In This Posting, I roughly explained how I was able to install Linux on my Samsung Galaxy Tab S.
Since then, the Linux software that I was able to install, and which works, include, among other applications,
- LibreOffice (a Comprehensive Install)
- MPlayer (Video With Sound)
- LyX (A Word-Processor based on LaTeX, and not quite WYSIWYG)
- (a Graphical LaTeX Code-Editor)
- ‘Dia’ (a Useful Diagram-Editor)
- Miscellaneous Diagram-Drawing Software (that uses LaTeX as a Back-End)
- wxMaxima (a Computer Algebra System with GUI)
- GNUPlot (Gives 3D Plots)
- Yacas (Yet Another Computer Algebra System)
- ‘mkvtoolnix-gui’ (A video-file concatenation tool)
But, doing so also consumed several GB of storage, even though that tablet only has 16GB of storage. Currently, my Linux guest-system is taking up 4.41GB.
(Updated 10/08/2017 : )
There seemed to be
two packages which would not run:
Dia‘ – A very useful application for creating Diagrams and exporting those either to SVG or to PNG Format.
Example (1) above does not surprise me. All the jailed applications which I am running, need to communicate with the externally-supplied X-server, 100% through X-server-protocol. Modern Web-browsers need to do so much complex rendering, that there could be no way they could run without shared memory, and in some cases, browsers only run well with H/W support fully enabled, and with GL enabled locally.
The fact that we can change individual setting-flags via ‘about:config’ may not be significant anymore, because to remove all dependencies on hardware may in fact require reprogramming Firefox at this point in time.
Now, ‘XSDL’ is the externally-supplied X-server, for which there exists a library that gives access to the Android shared memory, as if that was Linux shared memory, if the library is preloaded. But unfortunately, doing so does not enable Firefox to start running, even though
it seems to improve the performance of ‘gnome-mplayer’.
The capabilities of this one, small library, may just not be complex enough for the needs of Firefox.
Example (2) above surprised me a little bit more. I had hoped that ‘dia’ would run. To get ‘dia’ to run under GNURoot / XSDL, we need to take into account that installing the standard, non-GNOME version, effectively gives us two versions of the same application: ‘dia-normal’ , and ‘dia-integrated’ . By default, especially if system-specific details are not detected, the package-manager will set ‘dia-integrated’ to be the version that gets run. On this platform, that version will crash. In order to fix this, we need to run:
update-alternatives --config dia (1)
We need to choose ‘dia-normal’ to provide ‘dia’. In my experience, ‘Dia’ will then run.
(Above Screen-Shot added 09/29/2017. )
But the simple reality of certain apps not running like this, is ‘par for the course’ .
What might be a bit more problematic, than just not being able to surf the Web from within Linux, while I have a browser installed for Android, is that without Firefox-ESR installed, the symlink ‘x-www-browser’ will also not exist, unless it’s a broken symlink, and one behavior of some apps might be, to launch the default, graphical Web-browser, let’s say because we clicked on a ‘Help’ button, but Help with one program may not be installed locally, or may just be installed locally in the form of HTML-Files. This would require that ‘x-www-browser’ be set up, which it currently is not, on my tablet.
One thing which I have done, is to install the text-based browser ‘Lynx’, that never displays any sort of images. Lynx runs fine. I could also just add a symlink manually, named ‘x-www-browser’, but pointing to ‘xxx-browser’. That way I wouldn’t need to make anything executable myself – which I don’t have the ability to do – and if ‘x-www-browser’ was called, at least something would run.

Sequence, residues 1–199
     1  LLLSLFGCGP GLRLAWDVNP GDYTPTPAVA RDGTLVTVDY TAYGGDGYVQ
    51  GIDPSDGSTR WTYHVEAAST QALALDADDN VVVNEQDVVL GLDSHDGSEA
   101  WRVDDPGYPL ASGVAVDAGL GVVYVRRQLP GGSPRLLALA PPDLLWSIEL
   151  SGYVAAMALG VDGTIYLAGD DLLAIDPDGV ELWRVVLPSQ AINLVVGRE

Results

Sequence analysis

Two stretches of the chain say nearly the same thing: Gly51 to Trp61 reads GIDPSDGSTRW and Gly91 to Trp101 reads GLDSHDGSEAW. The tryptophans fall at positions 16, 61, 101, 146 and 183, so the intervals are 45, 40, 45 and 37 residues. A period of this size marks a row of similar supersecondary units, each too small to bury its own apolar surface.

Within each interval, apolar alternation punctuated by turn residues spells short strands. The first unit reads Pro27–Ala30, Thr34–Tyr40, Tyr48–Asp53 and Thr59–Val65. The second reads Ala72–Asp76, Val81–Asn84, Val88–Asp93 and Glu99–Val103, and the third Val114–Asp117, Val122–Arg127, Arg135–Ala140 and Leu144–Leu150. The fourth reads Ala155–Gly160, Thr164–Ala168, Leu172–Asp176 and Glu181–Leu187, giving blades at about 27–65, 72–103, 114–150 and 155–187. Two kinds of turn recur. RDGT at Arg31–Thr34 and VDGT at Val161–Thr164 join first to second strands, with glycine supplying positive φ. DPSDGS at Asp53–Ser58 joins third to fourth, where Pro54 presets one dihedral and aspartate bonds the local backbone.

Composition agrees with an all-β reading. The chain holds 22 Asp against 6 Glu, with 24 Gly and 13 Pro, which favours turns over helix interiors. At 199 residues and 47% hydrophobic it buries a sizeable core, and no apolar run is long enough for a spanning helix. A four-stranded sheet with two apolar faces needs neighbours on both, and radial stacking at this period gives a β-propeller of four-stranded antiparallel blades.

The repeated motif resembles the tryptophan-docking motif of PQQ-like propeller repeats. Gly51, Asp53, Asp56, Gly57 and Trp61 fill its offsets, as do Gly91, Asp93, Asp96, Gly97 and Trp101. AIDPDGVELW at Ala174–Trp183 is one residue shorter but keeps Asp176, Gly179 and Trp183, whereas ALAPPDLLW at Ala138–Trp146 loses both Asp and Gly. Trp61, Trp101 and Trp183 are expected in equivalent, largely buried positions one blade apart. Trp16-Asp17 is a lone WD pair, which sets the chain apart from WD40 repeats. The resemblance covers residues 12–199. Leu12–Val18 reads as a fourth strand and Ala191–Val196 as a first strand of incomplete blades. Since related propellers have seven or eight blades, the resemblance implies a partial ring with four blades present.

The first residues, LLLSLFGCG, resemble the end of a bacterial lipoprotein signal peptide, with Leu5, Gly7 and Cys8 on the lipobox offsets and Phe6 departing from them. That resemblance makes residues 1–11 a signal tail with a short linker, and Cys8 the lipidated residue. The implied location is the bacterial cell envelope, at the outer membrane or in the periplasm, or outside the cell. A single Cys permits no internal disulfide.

But there is actually a serious problem, with running Lynx as an alternative to provide ‘x-www-browser’ : Lynx needs to be launched from within a terminal window. It will not open a terminal window, unless we somehow configure it to do so… And one problem with the solution that was provided at the underlined link, is that the command ‘xdg-settings’ does not work, and that its related functionality, to set ‘LXSession Default Applications’, actually requires that the DBUS Daemon be running. Because we are running LXDE in a jail – essentially – we have started it without any DBUS-Daemon. The only way to keep that simplicity, is instead to follow this example, via ‘xdg-mime’ (Solution 39). Yet, while this will set how to open a static HTML File, it still does not really set the default browser.
This problem could easily be solved, if I could simply create a shell-script named ‘x-www-browser’, and if I could then make that executable. But because my Linux is running in a jail, I have no way to set that to executable. The only comparable thing I was able to do so far, was set the default program for opening .SH Files, to be ‘/usr/bin/bash’ . And that had to be done from within the GUI.
There do exist ways to run services inside the chroot environment. But AFAICT, these need to be invoked from outside the jail, to become visible inside the jail. Because ‘GNURoot’ plunks me inside the jail, before I can do anything, these approaches will not work for me. Besides, there is something to be said for the simplicity of what I have: It acts as a kind shell, for the purpose of executing one program, and after I’m done with it, I also don’t need to worry about having to stop services – which I would have to remember to do, if I had ever launched any services.
Finally, I was a bit worried until today, that even though the application-windows for GIMP open, they may not be able to display their images correctly. So I have just tested this today, and found, that although large images are slow to load, GIMP can make use purely of X-server-protocol to do so (see first screen-shot).
(Above Screen-Shot added 10/08/2017. )